In the middle of today’s Gospel we hear Jesus utter these strange and incredulous words: “I am troubled now.” What? Jesus is troubled? If He is troubled, then it must be OK for me to feel troubled over what He has just said: “Whoever loves his life loses it, and whoever hates his life in this world will preserve it for eternal life.” Those are tough words and He doesn’t offer any dilution in the form of an explanation or apology. Could these words trouble Him in the same way they trouble me?
When the Son of God took on human flesh He did so completely. He experiences everything we experience except sin; He never disobeys the Father. He is about to enter into His hour and give Himself away completely for our salvation. Paul says, “He learned obedience from what He suffered; and when He was made perfect, He became the source of eternal salvation for all who obey Him. It’s not easy to obey. In fact, it can be troubling.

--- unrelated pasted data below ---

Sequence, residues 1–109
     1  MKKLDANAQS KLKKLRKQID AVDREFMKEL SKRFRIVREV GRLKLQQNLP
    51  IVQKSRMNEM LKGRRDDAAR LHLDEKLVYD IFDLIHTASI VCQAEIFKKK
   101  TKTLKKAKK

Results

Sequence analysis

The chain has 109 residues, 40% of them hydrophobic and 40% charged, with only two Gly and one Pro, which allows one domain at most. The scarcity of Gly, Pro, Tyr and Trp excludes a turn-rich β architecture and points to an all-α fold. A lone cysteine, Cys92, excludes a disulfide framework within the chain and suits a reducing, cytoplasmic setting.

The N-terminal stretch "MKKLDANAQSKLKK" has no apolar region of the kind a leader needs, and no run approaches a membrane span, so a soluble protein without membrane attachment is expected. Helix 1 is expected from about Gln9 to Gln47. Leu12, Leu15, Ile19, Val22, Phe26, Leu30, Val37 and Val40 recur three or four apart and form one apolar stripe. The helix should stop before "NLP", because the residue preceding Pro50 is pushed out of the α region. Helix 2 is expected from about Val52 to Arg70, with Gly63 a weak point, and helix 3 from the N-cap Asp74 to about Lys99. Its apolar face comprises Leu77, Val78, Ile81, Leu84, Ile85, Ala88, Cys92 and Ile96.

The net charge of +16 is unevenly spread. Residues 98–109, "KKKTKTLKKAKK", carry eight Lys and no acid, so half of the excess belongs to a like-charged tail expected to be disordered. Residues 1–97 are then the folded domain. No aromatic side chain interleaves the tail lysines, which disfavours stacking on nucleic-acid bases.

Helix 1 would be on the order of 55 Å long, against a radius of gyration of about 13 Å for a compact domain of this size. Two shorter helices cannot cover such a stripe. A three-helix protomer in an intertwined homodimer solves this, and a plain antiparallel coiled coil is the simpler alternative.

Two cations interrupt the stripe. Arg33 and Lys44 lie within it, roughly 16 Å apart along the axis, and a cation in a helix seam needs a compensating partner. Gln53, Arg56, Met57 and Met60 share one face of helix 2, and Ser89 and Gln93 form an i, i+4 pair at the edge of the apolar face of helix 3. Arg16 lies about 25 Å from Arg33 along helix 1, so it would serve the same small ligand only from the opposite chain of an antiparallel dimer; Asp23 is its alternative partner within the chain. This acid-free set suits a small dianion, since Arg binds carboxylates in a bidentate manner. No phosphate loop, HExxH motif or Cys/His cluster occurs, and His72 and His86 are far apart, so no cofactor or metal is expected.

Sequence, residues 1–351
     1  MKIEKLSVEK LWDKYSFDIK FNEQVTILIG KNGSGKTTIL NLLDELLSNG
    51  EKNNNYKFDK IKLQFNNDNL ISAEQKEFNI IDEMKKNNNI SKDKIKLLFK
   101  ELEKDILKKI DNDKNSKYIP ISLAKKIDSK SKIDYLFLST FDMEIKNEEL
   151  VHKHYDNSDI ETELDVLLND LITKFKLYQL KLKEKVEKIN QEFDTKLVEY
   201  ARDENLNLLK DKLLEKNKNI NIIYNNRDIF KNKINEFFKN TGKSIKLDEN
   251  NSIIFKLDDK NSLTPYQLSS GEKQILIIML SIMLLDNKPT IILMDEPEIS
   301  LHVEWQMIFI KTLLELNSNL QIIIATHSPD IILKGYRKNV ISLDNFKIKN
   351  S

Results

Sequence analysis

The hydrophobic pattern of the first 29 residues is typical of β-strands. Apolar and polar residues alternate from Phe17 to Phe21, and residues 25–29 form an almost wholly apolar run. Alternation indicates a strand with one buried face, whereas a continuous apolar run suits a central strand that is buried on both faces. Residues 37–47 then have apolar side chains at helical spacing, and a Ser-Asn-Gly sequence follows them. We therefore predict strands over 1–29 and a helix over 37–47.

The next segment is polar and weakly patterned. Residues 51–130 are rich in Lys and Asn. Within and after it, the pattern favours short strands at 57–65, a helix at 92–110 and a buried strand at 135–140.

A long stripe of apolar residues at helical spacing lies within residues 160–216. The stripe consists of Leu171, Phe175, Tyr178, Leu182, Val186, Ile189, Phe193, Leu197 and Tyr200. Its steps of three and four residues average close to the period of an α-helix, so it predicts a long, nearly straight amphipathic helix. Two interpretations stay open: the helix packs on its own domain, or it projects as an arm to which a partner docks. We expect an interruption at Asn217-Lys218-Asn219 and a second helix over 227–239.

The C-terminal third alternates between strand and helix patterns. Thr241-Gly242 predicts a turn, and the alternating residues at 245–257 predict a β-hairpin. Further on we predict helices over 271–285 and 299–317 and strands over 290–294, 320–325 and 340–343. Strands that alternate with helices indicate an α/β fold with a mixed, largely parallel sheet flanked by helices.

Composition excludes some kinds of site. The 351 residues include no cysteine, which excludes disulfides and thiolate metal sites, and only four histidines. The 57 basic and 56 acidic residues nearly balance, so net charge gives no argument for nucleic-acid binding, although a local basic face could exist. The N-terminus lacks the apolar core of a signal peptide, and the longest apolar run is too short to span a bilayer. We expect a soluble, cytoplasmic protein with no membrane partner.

We all consider ourselves generous and are filled with joy when our generosity is recognized by others. Even a simple “Thank you,” can be reward enough to satisfy our hungry ego. Notice how Jesus shuns any reward or recognition in lieu of His simple prayer of praise, “Father, glorify your name.” He is showing us what it means to hate our life in this world by giving away any form of recognition or self-satisfaction. He gives Himself away so completely that all recognition is given to the Father for the sake of our salvation. He cares for us more than for His own praise and recognition.
To hate this life is to give myself away completely. It is to shun any reward or recognition except that which comes from God, in silence. Even the self-satisfaction of knowing I have done good can fill my heart with EGO-food that Edges God Out.
We cannot achieve this state of giving on our own. It takes God’s help. This is why we pray over and over again, “Create a clean heart in me, O God.”